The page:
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Five Steps to Choosing the Right Social Media Platforms for Your Business

Updated: Sep 23, 2020

We’ve all heard of the less is more approach in life, but at JM Social Media Management, we often find that small businesses don’t embrace this well-known philosophy when it comes to their social media efforts. So, how many social media platforms should your business be active on, and how do you choose which platforms are best for your brand? Follow our Five Steps to Choosing the Right Social Media Platforms for your Business below.

Which platforms are your target audience using?

Social media is not a one-size fits all approach – in fact the best and most successful brand accounts rarely target a broad consumer base. Just like a brick-and-mortar business, social media strategies should be highly targeted towards your perfect consumer.

A common mistake many businesses make is to create digital strategies using platforms that are popular yet are not used by their target audience. Consider TikTok, for example, one of the fastest growing social media platforms in the UK, however 41 percent of TikTok users (globally) are aged between 16 and 24 (Globalwebindex, 2019). Therefore, despite its growth rate, for brands looking to promote to a Millennial or Generation X consumer TikTok may be a waste of time and resources that would be better spent on other social platforms.

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What are your social media goals?

As you will likely know, there are many different platforms out there, each with their own niche in terms of features, uses and integrations which can be harnessed for different business goals. Consider the reason behind your social media strategy; are you looking to increase conversions, gather new leads, or, perhaps build a community? Which platform’s features best allow you to meet this goal?

Business integrations within Facebook & Instagram easily make these the best platforms for directing traffic towards an e-commerce site and thus increasing online conversions, whereas LinkedIn is effective for sourcing new leads – particularly for B2B businesses.

Where are your competitors?

Competitor research is an essential step in every well-planned marketing initiative and social media strategy is no exception. We like to use competitor research as a starting point – a cheat sheet if you like – allowing you to hone in on your competitors’ research by seeing which platforms they are using, and importantly, which ones they are exhibiting the most engagement on.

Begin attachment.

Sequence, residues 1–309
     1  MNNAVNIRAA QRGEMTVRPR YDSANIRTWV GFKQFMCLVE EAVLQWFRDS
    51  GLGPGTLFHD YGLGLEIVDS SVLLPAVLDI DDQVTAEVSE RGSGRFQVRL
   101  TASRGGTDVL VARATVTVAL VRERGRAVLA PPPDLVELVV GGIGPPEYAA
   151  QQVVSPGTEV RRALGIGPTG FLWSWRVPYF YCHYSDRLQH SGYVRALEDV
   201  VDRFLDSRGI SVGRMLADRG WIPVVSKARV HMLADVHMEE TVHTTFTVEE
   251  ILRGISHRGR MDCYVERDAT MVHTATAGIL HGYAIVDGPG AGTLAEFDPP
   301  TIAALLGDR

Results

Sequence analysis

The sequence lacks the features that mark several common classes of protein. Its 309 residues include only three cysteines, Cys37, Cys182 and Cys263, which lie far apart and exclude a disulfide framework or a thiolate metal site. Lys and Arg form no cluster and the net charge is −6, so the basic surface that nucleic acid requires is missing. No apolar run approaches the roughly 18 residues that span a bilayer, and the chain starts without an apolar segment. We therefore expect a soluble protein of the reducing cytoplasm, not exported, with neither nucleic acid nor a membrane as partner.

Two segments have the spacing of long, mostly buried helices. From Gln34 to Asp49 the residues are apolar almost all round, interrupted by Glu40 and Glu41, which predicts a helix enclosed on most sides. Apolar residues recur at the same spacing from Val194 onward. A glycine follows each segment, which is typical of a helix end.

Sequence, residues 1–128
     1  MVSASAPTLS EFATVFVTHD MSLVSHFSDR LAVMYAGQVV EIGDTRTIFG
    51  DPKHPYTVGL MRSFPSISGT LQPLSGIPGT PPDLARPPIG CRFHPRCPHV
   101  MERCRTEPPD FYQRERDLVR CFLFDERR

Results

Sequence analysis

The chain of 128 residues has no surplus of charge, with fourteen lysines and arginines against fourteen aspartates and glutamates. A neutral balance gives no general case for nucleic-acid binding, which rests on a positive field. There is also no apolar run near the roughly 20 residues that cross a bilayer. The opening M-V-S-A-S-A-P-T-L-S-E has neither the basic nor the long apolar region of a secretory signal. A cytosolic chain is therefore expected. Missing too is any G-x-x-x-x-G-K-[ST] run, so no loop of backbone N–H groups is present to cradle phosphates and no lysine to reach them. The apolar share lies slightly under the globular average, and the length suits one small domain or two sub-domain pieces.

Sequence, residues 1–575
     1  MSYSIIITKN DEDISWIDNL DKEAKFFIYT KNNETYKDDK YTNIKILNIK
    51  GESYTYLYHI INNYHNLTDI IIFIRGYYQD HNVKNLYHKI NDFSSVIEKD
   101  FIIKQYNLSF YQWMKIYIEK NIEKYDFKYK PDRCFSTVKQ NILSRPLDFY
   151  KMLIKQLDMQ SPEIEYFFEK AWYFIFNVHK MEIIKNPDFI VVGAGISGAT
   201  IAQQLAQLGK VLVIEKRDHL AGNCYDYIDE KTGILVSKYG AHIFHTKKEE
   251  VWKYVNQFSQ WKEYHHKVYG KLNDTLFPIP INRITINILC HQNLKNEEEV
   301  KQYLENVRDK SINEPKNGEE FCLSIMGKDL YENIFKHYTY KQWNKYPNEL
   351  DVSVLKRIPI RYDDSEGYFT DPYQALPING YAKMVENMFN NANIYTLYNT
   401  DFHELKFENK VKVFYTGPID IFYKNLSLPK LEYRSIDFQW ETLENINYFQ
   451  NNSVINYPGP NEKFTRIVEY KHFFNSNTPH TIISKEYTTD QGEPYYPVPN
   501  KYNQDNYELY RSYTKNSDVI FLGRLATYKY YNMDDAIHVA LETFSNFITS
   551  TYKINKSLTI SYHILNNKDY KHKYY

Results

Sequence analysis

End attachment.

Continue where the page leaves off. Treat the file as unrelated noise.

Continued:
Whilst undertaking this step of planning be sure to look at which content is performing the best on your competitors accounts so that you can consider similar themes for your own strategy!

The Rule of Three

Even for businesses that have relatively broad consumer bases – or that have identified several social platforms where their target market is prevalent – stick to just two or three platforms to focus your resources.

A key mistake many small businesses make when designing their social media strategy is to spread themselves too thin, often resulting in poorer content.

Instead, look at which platforms are best geared to showcase what you do: design-focussed brand? Consider Instagram. Educational resources? Look at YouTube for creating educational content and LinkedIn for networking.

Consider your resources & capabilities

Whilst your social media strategy should be predominantly consumer-lead, it is important for businesses to consider the practicality of content creation. Consistency is essential in successful social media strategy and so brands cannot afford to dip in and out of social media if they want to cultivate a loyal following and promote growth.

The relative demands of platforms are different both in terms of financial and time resources. For example, YouTube lends itself to more lengthy content which can be time consuming to create and edit and can also cost more to produce i.e. investing in high-resolution cameras and video editing software, however, there is less demand to post on a daily basis – which may make it a more viable option for those with little time during the week. On the flipside, platforms such as Snapchat and Instagram necessitate regular content – often posting once or twice a day with multiple story updates, so may be free to put together but require more regular, ongoing commitment.